“The Braves will be competitive in 2017 when SunTrust opens”
The Braves did go on to make a couple waiver deals with the Marlins for Hunter Cervenka and then sending Erick Aybar to the Tigers. The latter deal led to the frankly surprising promotion of top prospect Dansby Swanson directly to Atlanta from Mississippi. Now, many rebuilding teams with seemingly similar timelines to the Braves would have waited on promoting Swanson to preserve service time. The argument there being that the Braves seem like they may be bad for a bit longer, there is no reason to waste his MLB service time on those bad years.
Now, there is a flip side to that...that the player’s development matters more than service time and if he is ready then he is ready and should go. But Dansby had been struggling some in Mississippi and looked tired from his first real full season of pro ball. Others say that promoting a player without regards for service time can engender goodwill with that player, making future extensions less costly and more amicable. This is a reasonable, if somewhat naive view. Most players are going to try to get paid, but its not the worst idea in the world to make future negotiations easier.
However, the promotion of Dansby in context with the other moves speaks exactly to the mantra that we have heard, “The Braves will be competitive in 2017 when SunTrust opens”. The Braves want Dansby to have major league at-bats going in to 2017. I would wager money that Ozzie Albies will be on Atlanta’s roster in September and Dustin Peterson may be there with him. The Braves want to get these guys reps and, arguably more importantly, they want to see what they have going in to this offseason, which makes the stakes during this offseason higher than any of the previous ones during the rebuild.
We have heard that Liberty is going to significantly increase the Braves payroll for the 2017 season. We have heard that the Braves are going to be competitive in 2017 when the new park opens. Now we are starting to see the influence of that plan on the Braves’ personnel decisions, which makes this next offseason both extremely exciting to think about but also extremely high stakes.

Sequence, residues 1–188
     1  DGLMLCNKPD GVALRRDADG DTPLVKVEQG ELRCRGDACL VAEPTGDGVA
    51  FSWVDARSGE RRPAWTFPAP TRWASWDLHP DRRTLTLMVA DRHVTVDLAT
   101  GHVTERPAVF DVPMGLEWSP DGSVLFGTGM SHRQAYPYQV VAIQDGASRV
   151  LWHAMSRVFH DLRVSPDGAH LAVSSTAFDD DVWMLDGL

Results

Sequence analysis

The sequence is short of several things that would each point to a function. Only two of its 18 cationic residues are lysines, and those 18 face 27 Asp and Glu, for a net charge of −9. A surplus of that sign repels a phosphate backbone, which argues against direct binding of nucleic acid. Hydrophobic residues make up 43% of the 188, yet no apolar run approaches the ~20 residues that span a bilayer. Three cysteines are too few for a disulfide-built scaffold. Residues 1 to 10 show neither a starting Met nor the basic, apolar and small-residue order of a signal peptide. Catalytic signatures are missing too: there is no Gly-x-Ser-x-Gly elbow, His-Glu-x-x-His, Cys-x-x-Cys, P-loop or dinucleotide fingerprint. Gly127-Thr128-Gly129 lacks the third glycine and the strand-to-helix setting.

The Braves want to upgrade a good chunk of their position spots, most notably third base, catcher, and left/right field in addition to potentially reinforcing the rotation which has been ravaged by growing pains, injury, and just not good. This is problematic given the free agent class this coming offseason is atrocious. There are certainly some players including Wilson Ramos, Yoenis Cespedes (probably), Ian Desmond, Mark Trumbo, and others that the Braves will take a long look at, but free agents are expensive these days and none of these free agents are slam dunk choices.
These leaves the market that Coppy and Co. have taken advantage of from the beginning: the trade market. Sure, there will be some free agent signings (assuming Liberty Media and the Braves keep their word about payroll), but if Coppy is serious about being competitive in 2017, that could mean this offseason could be among the more exciting in recent memory. It also could mean that several of the prospects we have grown to love over the last year or two could be with different organizations next season which makes me sad, but it may be for the greater good.
The speculation will be endless throughout the offseason given this front office’s reputation for being willing to make a deal in addition to the anticipation of the new park opening up next year. Regardless, John Hart, John Coppolella, and the Braves have made this the most important one of their tenures and one that could very well define the success of the rebuild....at least given the expectations the front office has put in place.